Understanding Trauma

In your day-to-day conversations or on the news, it’s quite likely that you have heard someone describe an experience as “traumatic.” While sometimes, such statements can be an exaggeration, events that cause a trauma-response in the people who experience them are quite common. Generally, a traumatic event is understood to be one that negatively impacts a person’s, family’s, or community’s well-being, often causing disruption, distress, and suffering. People often experience the same event differently, so what one person considers to be trauma-inducing, another person might view as a minor occurrence. This shows that events in themselves are not traumatic, but people’s experiences of them can be, and many different types of events and experiences are potentially traumatic.

Anyone can Experience Trauma

While not all people experience trauma in the same way, it is important to understand that potentially traumatic experiences can happen at anytime, anywhere, to anyone. Trauma is universal and can impact anyone, regardless of socioeconomic status, race, ethnicity, culture, gender, age, religion, and other identity characteristics. Because traumatic events are so commonplace, social workers are extremely likely to come into contact with individuals who have been traumatized by something they’ve experienced. In order to effectively support clients who have survived a traumatic event, it is important for social workers to understand the universality of trauma.

Early studies of trauma focused on veterans of the Vietnam War, who often returned to the U.S. with various psychological difficulties. With increased study of psychological trauma, today social service professionals understand that there is a wide range of events, situations, and experiences that people perceive as traumatic. These include but are not limited to: rape and sexual assault, child abuse and neglect, domestic and/or interpersonal violence, experiencing or witnessing other forms of violence, death of a loved one, natural disasters (hurricanes, famine/drought, tsunamis), and acts of terrorism (for example, 9/11, school shootings). All of these events can cause emotional damage to those who experience them, and the psychological effects of such traumatic experiences are often lasting. As trauma scholars Courtois & Gold (2009) point out, we now have a greater “awareness on a societal level of the broad reach, financial costs, and lasting adverse impact of traumatic events.”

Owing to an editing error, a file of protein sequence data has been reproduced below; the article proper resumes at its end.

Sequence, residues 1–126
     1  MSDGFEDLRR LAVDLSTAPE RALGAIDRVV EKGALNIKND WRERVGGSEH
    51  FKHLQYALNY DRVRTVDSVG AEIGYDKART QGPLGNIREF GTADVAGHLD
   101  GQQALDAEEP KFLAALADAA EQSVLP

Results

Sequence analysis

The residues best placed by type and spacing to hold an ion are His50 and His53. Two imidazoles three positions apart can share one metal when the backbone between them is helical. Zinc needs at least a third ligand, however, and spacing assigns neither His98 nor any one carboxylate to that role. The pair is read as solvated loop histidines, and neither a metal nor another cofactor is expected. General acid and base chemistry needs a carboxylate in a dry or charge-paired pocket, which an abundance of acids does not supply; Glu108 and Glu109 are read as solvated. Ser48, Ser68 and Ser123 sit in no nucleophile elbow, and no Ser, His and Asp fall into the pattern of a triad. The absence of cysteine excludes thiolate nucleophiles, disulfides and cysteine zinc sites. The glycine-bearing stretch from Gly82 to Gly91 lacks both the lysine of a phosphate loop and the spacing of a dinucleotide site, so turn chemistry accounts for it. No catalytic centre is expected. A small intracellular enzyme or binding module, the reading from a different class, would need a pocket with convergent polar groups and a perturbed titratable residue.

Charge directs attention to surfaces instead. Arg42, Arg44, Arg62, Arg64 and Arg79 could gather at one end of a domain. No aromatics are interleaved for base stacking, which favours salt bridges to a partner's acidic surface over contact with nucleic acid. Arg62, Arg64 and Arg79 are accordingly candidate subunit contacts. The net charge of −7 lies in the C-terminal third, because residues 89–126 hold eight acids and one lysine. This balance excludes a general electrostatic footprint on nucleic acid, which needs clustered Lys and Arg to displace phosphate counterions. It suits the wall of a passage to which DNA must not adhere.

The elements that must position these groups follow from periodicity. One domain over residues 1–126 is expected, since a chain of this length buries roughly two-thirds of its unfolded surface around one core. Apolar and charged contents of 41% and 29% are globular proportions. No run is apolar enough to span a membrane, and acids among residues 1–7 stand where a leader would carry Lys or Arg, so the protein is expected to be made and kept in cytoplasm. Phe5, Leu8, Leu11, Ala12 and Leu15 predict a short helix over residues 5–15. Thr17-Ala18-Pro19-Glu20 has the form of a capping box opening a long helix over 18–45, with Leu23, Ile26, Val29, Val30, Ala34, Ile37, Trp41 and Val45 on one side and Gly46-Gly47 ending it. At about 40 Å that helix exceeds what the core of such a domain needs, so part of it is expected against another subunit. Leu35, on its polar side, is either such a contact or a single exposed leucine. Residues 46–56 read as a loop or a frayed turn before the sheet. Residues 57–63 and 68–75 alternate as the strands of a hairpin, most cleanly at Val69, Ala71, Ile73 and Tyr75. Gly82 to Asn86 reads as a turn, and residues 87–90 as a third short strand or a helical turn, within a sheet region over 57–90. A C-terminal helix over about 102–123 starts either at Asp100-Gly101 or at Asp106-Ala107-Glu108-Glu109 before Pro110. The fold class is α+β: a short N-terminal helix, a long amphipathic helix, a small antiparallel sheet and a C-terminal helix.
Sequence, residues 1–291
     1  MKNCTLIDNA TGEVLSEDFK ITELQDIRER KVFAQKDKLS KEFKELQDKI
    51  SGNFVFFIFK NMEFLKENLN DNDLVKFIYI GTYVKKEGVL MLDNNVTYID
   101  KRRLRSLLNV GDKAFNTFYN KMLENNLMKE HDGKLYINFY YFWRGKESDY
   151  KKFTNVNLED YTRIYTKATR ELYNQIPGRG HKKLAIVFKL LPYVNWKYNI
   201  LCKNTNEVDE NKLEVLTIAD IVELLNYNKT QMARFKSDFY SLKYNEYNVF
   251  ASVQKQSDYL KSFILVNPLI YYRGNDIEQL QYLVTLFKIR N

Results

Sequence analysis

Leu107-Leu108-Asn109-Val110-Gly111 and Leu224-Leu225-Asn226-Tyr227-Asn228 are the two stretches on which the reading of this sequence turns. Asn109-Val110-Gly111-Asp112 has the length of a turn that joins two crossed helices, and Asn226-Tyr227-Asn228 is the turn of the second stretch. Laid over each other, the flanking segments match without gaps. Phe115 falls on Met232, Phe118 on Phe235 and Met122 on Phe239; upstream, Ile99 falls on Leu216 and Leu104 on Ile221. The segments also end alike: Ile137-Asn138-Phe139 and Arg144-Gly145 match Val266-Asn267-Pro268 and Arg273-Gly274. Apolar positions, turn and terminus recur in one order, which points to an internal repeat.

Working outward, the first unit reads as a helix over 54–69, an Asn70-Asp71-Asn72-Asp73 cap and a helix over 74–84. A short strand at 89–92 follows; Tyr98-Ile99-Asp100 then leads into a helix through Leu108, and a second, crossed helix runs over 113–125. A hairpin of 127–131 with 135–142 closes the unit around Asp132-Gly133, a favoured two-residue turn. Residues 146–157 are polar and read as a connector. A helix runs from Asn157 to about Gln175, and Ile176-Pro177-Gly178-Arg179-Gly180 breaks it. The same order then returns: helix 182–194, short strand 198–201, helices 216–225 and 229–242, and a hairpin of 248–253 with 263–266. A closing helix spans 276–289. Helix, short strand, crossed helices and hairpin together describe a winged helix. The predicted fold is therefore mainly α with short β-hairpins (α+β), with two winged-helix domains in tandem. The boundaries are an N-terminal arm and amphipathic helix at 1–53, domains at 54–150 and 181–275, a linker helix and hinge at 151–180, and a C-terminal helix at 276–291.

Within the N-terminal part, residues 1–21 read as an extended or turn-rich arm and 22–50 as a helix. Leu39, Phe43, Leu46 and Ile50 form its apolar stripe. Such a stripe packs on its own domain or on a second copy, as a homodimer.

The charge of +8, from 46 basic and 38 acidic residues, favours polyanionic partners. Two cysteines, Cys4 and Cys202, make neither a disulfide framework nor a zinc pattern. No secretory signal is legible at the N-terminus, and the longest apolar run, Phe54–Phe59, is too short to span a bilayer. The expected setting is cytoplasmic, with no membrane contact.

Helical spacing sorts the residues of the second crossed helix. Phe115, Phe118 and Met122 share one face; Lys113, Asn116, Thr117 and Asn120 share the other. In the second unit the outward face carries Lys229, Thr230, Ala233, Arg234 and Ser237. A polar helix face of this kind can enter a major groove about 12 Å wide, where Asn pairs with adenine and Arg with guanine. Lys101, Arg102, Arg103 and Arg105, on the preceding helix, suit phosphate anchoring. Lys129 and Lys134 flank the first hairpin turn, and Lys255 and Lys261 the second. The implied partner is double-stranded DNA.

Exposure to Traumatic Events is Common

While it was previously thought by leading psychological scholars and scientists that traumatic occurrences were rare and only a small minority of the population was exposed to them, more recent studies attest to the universality of trauma. A 2005 study in Sweden found that 80% of adults had experienced at least one traumatic event (Frans, Rimmo, Aberg, & Frederikson, 2005). An earlier study of adults in Detroit, Michigan found a similar rate of trauma exposure with nearly 90% of people experiencing at least one traumatic event in their lifetime (Breslau, Kessler, Chilcoat, Schultz, Davis, & Andreski, 1991). While the likelihood that a person has experienced a traumatic event would seem to increase with age, another recent study found that approximately 70% of children were exposed to a traumatic event by the age of 16 (Copeland, Keeler, Angold, & Costello, 2007). These studies reveal that trauma is a common experience, and the majority of the population can be expected to experience a traumatic event at some point in life.

The Importance of a Trauma-Informed Lens

Because trauma is so widespread, it is of critical importance that MSW students receive training in trauma treatment during their graduate studies. Many universities offer courses in trauma, with some offering focus areas, concentrations, or specializations in trauma. Recognizing and understanding the universality of trauma provides current and future social workers a glimpse into the urgent need for social workers who are able to help the traumatized thrive.

References:

Courtois, C. A., & Gold, S. N. (2009). The need for inclusion of psychological trauma in the professional curriculum: A call to action. Psychological Trauma: Theory, Research, Practice, and Policy, 1(1), 3–23. https://doi-org.libproxy.tulane.edu/10.1037/a0015224

Frans, Ö., Rimmö, P. A., Åberg, L., & Fredrikson, M. (2005). Trauma exposure and post- traumatic stress disorder in the general population. Acta Psychiatrica Scandinavica, 111, 291–299.

Breslau, N., Kessler, R. C., Chilcoat, H. D., Schultz, L. R., Davis, G. C., & Andreski, P. (1998). Trauma and posttraumatic stress disorder in the community: The 1996 Detroit survey of Trauma. Archives of General Psychiatry, 55, 626–632.

Copeland, W. E., Keeler, G., Angold, A., & Costello, E. J. (2007). Traumatic events and posttraumatic stress in childhood. Archives of General Psychiatry, 64, 577–584.